I’m not sure even the hallowed Cahiers du Cinéma could convince me that Douglas Sirk’s Imitation of Life is a good movie.
Maybe I’m missing something, but after about five minutes of this noisome, overdone film I’d had enough. I stopped watching, preferring to listen to the dialogue as it buffeted my ears.
Sirk may be highly regarded in some circles, but I just didn’t care for this weepy, obvious picture, and I suspect I’d feel the same way about many of his other flicks. Yes, I’m generalizing, but if this is the kind of thing Sirk is known for, I’m not interested. Give me Seven Samurai any day.
Oh, I realize I’ve got to supplement my intake of Kurosawa with lesser works now and then. I already do. Imitation of Life, however, is not something I want to revisit again; I’d even rather watch an old Steven Seagal hack-a-thon instead.
Though I hope I won’t have to make that choice. Anyway, on to better cinematic options.
Sometimes being away from a movie for a long time inspires nostalgia. Sometimes it makes you like the movie more.
I kinda felt that way about Commando, the ridiculous, absurdly high-body-count 1985 “action” film starring Arnold Schwarzenegger as human tank John Matrix. This is a junky picture, with all-too-quick editing, poor cinematography and a script that can euphemistically be said to need work. Plus, it’s bloody as all hell, with a ludicrous amount of violence as Matrix kills baddies while searching for his daughter.
Yet for some reason, despite all of these faults, I dig the movie. It’s a guilty pleasure. You can watch it while using your smartphone or doing the dishes. You can go to the bathroom without stopping it and not feel like you’ve missed anything. It’s the perfect thing to put on when you’re just casually viewing.
Which I was doing last night. I didn’t feel like seeing a quality picture. I wanted something crummy. And I hadn’t seen Commando in a long time, so yesterday was a good day to watch it. I know: This is coming from someone who loves Kurosawa and all kinds of high-falutin’ pictures, so what gives? All I can say is that sometimes I have to slum a little. I don’t do it all the time. It’s reserved for special occasions.
This was one of them. So Commando, thanks for the evening. And as John Matrix might say: “Grunt.”
This is why it pays to be nice to your spouse.
A few days ago, Trudi got the Kurosawa classic The Seven Samurai on Netflix, and we watched it together … despite the fact that both of us had seen it multiple times (I about 100 or so). Plus, it’s not Trudi’s favorite movie, though she does like it more than other samurai films. So it was something of a treat for me.
God bless you, Trudi. Thank you for being so good to me.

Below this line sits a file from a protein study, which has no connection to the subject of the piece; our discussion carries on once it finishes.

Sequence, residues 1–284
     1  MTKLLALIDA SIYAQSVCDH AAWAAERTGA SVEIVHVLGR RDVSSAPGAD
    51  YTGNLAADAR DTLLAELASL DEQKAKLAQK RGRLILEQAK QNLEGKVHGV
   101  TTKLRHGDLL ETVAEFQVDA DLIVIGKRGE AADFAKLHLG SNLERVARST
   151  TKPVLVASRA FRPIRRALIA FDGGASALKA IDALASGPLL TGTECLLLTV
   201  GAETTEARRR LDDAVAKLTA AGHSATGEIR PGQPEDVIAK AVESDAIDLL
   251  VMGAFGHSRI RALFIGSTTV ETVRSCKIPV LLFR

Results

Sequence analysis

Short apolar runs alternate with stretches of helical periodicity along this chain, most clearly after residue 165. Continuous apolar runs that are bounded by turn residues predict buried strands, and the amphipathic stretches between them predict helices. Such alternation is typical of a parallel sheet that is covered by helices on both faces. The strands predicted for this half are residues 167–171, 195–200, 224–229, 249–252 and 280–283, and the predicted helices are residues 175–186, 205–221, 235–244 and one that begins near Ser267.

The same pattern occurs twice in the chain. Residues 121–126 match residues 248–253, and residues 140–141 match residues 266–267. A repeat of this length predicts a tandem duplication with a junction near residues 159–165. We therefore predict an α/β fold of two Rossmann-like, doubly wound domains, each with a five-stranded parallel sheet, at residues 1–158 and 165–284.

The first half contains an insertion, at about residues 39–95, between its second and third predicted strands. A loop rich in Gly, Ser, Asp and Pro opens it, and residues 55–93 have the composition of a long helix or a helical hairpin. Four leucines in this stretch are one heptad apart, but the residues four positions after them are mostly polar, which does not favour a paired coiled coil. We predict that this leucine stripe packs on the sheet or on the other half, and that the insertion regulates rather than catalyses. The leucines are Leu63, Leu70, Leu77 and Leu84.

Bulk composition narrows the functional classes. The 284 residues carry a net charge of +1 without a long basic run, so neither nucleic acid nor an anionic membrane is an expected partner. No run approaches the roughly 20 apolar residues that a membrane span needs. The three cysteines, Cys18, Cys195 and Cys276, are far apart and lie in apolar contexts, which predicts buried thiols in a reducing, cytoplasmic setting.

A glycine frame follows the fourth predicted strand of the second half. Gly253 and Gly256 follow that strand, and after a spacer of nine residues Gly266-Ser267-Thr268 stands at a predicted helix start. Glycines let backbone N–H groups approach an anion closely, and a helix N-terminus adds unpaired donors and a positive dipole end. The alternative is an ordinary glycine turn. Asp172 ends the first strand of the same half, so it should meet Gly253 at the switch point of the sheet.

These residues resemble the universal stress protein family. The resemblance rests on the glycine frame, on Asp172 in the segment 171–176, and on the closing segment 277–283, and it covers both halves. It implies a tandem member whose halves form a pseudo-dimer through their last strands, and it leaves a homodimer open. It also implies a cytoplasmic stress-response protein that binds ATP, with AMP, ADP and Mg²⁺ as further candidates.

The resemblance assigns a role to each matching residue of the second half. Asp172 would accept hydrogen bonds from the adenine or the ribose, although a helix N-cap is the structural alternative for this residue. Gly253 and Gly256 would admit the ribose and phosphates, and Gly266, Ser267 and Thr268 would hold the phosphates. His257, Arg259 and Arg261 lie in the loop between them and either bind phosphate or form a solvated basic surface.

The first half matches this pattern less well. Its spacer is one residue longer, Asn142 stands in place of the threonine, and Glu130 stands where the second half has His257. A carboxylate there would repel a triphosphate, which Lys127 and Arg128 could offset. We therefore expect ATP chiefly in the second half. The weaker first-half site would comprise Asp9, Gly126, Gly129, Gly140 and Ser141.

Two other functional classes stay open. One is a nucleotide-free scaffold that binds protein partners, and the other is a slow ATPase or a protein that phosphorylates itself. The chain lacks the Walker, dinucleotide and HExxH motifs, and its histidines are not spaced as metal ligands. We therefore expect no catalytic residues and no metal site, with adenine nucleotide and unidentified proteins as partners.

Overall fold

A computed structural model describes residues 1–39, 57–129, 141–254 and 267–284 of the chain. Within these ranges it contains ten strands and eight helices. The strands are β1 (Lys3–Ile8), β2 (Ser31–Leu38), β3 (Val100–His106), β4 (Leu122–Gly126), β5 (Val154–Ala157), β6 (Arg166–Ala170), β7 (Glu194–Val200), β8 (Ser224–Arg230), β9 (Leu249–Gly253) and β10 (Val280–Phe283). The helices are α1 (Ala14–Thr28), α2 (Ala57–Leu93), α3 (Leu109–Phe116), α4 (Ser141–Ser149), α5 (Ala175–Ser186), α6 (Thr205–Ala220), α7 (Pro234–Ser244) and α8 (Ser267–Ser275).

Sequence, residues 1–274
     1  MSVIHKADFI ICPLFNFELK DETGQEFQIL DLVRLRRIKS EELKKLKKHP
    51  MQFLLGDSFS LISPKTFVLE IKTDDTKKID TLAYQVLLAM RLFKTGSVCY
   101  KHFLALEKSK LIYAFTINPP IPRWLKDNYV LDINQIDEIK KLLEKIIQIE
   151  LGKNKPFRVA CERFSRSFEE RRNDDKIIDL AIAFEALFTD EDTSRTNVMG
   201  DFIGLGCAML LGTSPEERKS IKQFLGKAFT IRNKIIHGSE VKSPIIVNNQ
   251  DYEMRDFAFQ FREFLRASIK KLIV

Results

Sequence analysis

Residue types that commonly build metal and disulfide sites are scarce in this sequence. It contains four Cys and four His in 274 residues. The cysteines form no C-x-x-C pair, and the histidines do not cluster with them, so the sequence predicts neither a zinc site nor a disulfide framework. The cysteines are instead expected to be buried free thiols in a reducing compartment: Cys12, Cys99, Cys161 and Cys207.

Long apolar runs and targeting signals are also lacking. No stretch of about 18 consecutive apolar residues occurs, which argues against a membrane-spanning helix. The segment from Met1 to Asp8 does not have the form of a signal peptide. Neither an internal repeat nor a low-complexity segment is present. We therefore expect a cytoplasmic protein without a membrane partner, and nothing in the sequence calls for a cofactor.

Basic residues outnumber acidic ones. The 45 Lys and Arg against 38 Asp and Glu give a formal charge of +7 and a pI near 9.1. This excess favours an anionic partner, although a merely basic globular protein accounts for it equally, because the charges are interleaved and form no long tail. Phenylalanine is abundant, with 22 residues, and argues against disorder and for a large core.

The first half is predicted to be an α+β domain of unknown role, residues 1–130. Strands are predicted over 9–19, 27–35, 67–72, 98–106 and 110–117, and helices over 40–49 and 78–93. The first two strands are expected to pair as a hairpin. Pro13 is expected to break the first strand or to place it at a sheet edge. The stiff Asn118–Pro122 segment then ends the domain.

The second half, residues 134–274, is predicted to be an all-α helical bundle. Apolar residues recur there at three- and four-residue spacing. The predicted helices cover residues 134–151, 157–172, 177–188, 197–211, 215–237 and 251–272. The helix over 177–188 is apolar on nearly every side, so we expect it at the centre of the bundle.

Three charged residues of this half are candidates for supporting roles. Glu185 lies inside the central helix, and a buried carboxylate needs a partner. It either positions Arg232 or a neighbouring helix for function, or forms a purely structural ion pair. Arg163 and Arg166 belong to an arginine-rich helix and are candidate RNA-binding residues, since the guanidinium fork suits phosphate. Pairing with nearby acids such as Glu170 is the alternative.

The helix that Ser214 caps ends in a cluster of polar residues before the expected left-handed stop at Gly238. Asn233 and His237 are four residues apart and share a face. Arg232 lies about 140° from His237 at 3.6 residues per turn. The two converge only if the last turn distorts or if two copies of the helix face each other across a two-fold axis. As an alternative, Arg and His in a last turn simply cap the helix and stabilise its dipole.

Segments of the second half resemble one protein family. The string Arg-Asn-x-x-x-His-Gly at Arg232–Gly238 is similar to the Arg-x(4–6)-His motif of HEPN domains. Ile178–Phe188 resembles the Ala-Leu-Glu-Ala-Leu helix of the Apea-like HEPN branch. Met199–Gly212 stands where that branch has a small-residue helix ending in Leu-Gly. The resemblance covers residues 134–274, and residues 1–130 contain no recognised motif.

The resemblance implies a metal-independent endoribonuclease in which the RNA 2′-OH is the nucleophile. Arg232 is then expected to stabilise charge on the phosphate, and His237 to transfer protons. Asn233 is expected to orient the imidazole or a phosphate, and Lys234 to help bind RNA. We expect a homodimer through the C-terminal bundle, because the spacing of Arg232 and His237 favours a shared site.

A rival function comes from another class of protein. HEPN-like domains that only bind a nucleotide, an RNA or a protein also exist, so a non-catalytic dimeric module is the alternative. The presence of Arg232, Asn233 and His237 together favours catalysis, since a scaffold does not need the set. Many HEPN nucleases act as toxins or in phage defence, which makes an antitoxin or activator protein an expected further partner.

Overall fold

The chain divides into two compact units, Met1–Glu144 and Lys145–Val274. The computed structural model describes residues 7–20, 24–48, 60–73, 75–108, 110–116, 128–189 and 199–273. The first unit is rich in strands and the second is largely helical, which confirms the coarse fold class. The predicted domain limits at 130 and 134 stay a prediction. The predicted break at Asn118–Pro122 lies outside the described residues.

Oh, it was as good as ever, filled with swashbuckling adventure, heroic deeds and complex characters. I love this movie very much, and I’m grateful to my wife for letting me see it. I get Seven Samurai withdrawal symptoms, you see, and after I go, say, about six months without watching it, I get an incredible desire to view it again.
Trudi and I have different tastes when it comes to films. We don’t always agree on what’s good and what isn’t. But sometimes we do things that one half likes more than the other half – without complaint. That’s part of what makes a good marriage, I think. And it’s just one of many reasons to love Trudi.
Now, the question is: When am I going to reciprocate with a rom-com? Hoo, boy.
Don’t hate me because I watched Major League II on TV. Hate me because I kinda enjoyed it.
Yep. Just like Peter O’Toole’s character in Lawrence of Arabia. Except without all of the scary sadistic connotations.
Maybe it’s a masochistic enjoyment of sorts. After all, Major League II can’t be said to be a great movie. It isn’t even good. Actually, it’s rather bad. The script is blah. The cinematography is unimaginative. The performances are along the lines of “what am I doing in this picture? I should’ve tried out for Forrest Gump.”
Yet there are some humorous lines here and there. And I’m a sucker for baseball movies. It’s definitely a guilty pleasure; I’ll admit that freely.
There’s no shame in that, right? Or in watching Marked for Death whenever it’s on? All right, maybe there’s a little shame in that. But nothing to lose sleep over.
Kurosawa observed it rightly: The Bad Sleep Well. Or in this case, those who watch junky films and enjoy them as guilty pleasures.
I know I’m not alone.
And that’s exactly what I thought after watching Drive, He Said, director Jack Nicholson’s not-good 1971 relic about a womanizing college-basketball star and his bizarre counterculture roommate.
How did this film make basketball boring? I wondered, as the film meandered through then-hip out-of-focus shots and slo-mo passages. I was shocked to find myself wishing I had watched curling in the Olympics over these scenes. Bad sign, movie.
Then there was the problem of the film not being able to decide what it was about. The struggle to avoid the draft? Hippie dippiness? Who was it about, anyway, the basketball fella or his roomie? The movie couldn’t seem to decide. In fact, it followed them both in equal amounts, despite them both being unlikable characters.
Yuck. Turn it off, he said.
I think sometimes you’ve got to watch a bad movie once in a while to desire good movies more. I mean, right now, I could watch any portion of The Seven Samurai and be cleansed of the lousy-film experience. Boy, do I need a Kurosawa bath right now.
Maybe a bit of ice cream will rid me of the taste in my mouth. Yes, sometimes you’ve got to watch a bad movie once in a while. But even once in a while doesn’t feel good.